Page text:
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Re: refactoring when using CVS

From: Greg A. Woods
Subject: Re: refactoring when using CVS
Date: Thu, 21 Feb 2002 22:32:40 -0500 (EST)

[ On Thursday, February 21, 2002 at 16:57:53 (-0800), Tom Plunket wrote: ]
> Subject: Re: refactoring when using CVS
> Huh?  What part of "continuous integration" don't you understand?
> For those who are unclear on the concept, "integration" implies
> "integrating" with the codebase.  "Continuous integration"
> therefore implies that you check your code in as soon as it
> works.  "Works" does not mean "complete functioning" but rather
> "current suite of tests pass."

I think you don't understand the concept of change sets.  What you're
talking about is what CVS already makes very easy.  "cvs update" early
and often and "cvs commit" every working change set!

What part of my explanation of "works" didn't you understand?

Perhaps you should review a few thousand commit messages from one or
more of the *BSD CVS trees to get a better feel for what I'm talking

> Btw- in XP, it's working as soon as all tests pass.  That's
> pretty much right away.  The XP zealots say "continuous" actually
> means every 2-3 hours (and you check out every morning,
> discarding uncommitted changes), although I tend to something a
> little quicker than that.  I admit, though, that I'm not doing
> XP, just some of its practices which help me in my solo work.

No, you're not doing XP at all, as you'll admit in even more detail
below.  You're just working with code in the way CVS already makes very

Of course Aegis is even better with XP than CVS because of the two-phase
commit which helps with the "Only one pair integrates code at a time"
rule; and also with the ability to enforce and run test modules for
every commit (which obviously helps with the "All code must have unit
tests" and "All code must pass all unit tests before it can be released"

> > I.e. refactor early, get it right, then check it in.
> "Refactor mercilessly" does not mean "refactor for a little while
> then stop."

Indeed, and refactoring in the XP way doesn't occur across the
development of multiple change sets, but only within the development of
one change set and thus the integration of refactored code won't
distrupt development.  XP is also more about refactoring at the design
level than the implementation, i.e. as opposed to something like in
Smalltalk where refactoring is more at the implementation level.
"Refactor" is one of those buzzwords often over- and miss-used in our
industry today.

Then there is this perhaps most important, and unfortunately least
stated, rule of XP:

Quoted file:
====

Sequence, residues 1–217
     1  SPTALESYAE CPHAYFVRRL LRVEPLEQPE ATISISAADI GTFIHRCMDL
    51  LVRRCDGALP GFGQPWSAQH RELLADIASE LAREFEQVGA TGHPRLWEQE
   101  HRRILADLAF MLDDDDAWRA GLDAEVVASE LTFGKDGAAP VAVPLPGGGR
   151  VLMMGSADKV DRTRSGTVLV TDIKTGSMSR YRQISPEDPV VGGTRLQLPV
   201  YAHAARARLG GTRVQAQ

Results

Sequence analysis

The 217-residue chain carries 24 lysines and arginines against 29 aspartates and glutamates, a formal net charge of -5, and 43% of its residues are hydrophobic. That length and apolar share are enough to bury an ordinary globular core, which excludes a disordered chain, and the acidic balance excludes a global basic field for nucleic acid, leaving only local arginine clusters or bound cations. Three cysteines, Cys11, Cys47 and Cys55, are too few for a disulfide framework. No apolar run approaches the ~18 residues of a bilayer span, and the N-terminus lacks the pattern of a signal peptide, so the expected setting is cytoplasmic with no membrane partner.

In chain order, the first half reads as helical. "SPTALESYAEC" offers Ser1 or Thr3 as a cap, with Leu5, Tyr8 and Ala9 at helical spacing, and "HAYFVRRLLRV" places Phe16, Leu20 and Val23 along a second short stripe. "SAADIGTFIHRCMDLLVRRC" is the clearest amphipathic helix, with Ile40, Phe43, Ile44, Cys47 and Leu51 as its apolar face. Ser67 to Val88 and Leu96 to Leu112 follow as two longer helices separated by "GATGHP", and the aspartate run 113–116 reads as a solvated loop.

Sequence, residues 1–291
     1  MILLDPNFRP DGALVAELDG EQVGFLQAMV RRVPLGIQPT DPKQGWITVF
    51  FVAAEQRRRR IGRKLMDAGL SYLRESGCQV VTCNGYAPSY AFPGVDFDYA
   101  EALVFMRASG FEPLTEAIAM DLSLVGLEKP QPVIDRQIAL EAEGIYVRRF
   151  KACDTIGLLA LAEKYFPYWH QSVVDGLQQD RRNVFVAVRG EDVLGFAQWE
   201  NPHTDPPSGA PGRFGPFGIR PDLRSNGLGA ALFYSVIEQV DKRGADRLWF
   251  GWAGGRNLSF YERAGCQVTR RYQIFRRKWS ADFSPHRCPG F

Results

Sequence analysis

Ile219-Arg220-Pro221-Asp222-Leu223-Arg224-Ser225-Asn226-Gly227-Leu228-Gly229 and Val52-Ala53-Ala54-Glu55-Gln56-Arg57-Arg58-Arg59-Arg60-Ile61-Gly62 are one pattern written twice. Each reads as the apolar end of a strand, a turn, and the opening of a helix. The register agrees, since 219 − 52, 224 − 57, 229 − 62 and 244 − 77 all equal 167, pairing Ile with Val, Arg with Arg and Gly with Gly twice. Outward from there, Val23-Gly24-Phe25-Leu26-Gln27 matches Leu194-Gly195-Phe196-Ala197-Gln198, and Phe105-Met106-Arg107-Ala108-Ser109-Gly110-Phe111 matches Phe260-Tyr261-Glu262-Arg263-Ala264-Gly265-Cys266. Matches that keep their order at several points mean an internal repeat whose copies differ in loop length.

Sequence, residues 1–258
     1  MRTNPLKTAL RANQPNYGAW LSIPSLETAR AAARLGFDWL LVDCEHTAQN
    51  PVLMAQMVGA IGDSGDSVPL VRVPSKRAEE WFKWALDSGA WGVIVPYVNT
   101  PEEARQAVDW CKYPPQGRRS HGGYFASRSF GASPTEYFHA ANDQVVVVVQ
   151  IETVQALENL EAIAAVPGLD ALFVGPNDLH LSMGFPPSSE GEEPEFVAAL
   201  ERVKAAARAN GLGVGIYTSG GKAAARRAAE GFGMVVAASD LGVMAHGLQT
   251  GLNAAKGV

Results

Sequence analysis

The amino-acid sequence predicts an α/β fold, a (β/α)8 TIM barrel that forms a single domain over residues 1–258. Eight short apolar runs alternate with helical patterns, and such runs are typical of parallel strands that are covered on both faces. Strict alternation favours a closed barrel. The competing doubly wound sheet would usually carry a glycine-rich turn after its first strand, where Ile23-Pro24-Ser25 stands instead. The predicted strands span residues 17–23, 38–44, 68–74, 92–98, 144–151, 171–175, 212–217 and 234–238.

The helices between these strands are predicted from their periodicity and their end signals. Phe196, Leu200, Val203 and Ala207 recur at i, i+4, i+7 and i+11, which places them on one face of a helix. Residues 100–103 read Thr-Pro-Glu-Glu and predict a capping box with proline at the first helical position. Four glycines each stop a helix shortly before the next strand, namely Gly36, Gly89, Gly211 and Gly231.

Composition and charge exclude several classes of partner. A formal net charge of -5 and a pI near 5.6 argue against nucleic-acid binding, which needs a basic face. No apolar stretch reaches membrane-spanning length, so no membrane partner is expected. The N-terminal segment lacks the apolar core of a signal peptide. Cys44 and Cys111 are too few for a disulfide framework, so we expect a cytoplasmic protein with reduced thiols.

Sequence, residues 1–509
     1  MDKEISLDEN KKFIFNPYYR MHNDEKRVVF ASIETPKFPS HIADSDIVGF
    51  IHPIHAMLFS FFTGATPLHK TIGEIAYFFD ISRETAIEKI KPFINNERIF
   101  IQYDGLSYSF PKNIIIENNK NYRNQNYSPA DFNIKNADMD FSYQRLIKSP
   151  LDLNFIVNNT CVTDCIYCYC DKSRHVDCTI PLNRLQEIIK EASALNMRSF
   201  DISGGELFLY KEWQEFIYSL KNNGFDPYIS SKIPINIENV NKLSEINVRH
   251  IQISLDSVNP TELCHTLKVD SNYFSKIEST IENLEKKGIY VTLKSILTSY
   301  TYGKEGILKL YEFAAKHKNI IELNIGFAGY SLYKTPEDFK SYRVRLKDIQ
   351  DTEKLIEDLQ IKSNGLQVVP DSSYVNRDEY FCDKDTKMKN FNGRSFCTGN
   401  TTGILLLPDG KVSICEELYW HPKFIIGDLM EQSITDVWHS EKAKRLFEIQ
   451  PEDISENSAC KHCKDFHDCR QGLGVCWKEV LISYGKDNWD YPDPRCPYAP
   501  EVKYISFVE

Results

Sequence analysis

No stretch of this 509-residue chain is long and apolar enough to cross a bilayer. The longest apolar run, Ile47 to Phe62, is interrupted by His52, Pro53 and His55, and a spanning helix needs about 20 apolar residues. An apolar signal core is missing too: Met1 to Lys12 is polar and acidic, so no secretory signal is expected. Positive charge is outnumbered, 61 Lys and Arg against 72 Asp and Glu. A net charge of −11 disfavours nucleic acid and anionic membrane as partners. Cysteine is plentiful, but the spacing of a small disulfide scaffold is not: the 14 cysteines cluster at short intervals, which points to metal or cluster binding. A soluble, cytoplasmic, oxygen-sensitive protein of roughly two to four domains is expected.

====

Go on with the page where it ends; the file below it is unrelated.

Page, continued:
Fix XP when it breaks.

> Like what?  As I understand it, one uses source control.  If CVS
> doesn't work then don't use it, but if it does, why can't I?

Strictly speaking if you follow the XP practices to the tee (including
the rule to "Fix XP when it breaks"!) then you don't need any change
management tools at all.  You integrate your changes often (every time
they work), your changes are small, and only one pair integrates at a
time.  You don't even need a bloody computer to do XP -- you could have
all the typing, compiling, and testing done by the QA team!  ;-)

> The XP way, again, does not EVER suggest that you use some of the
> practices sometimes and then move on to other practices.  You do
> all of the practices always, or you ain't doin' XP.

exactly my point about you not doing XP.....   :-)

Of course there's still "Fix XP when it breaks".....  ;-)

> If you're using XP then you don't need to take much care in
> anything because your software is properly designed in the first
> place.

The day I believe that is the day I'll buy that ocean front property my
buddy in Saskatchewan (or my other buddy in Utah for your 'Mericans ;-)
keeps trying to sell me!  ;-)

If you're using XP correctly then the development process never stops
because you can be bloody well certain that the customer is never going
to be satisfied with any final acceptance test -- there'll always be new
and changing requirements and thus always new and changing design and
ongoing development.  "Make many frequent small releases"

                                                                Greg A. Woods

+1 416 218-0098;  <address@hidden>;  <address@hidden>;  <address@hidden>
Planix, Inc. <address@hidden>; VE3TCP; Secrets of the Weird <address@hidden>

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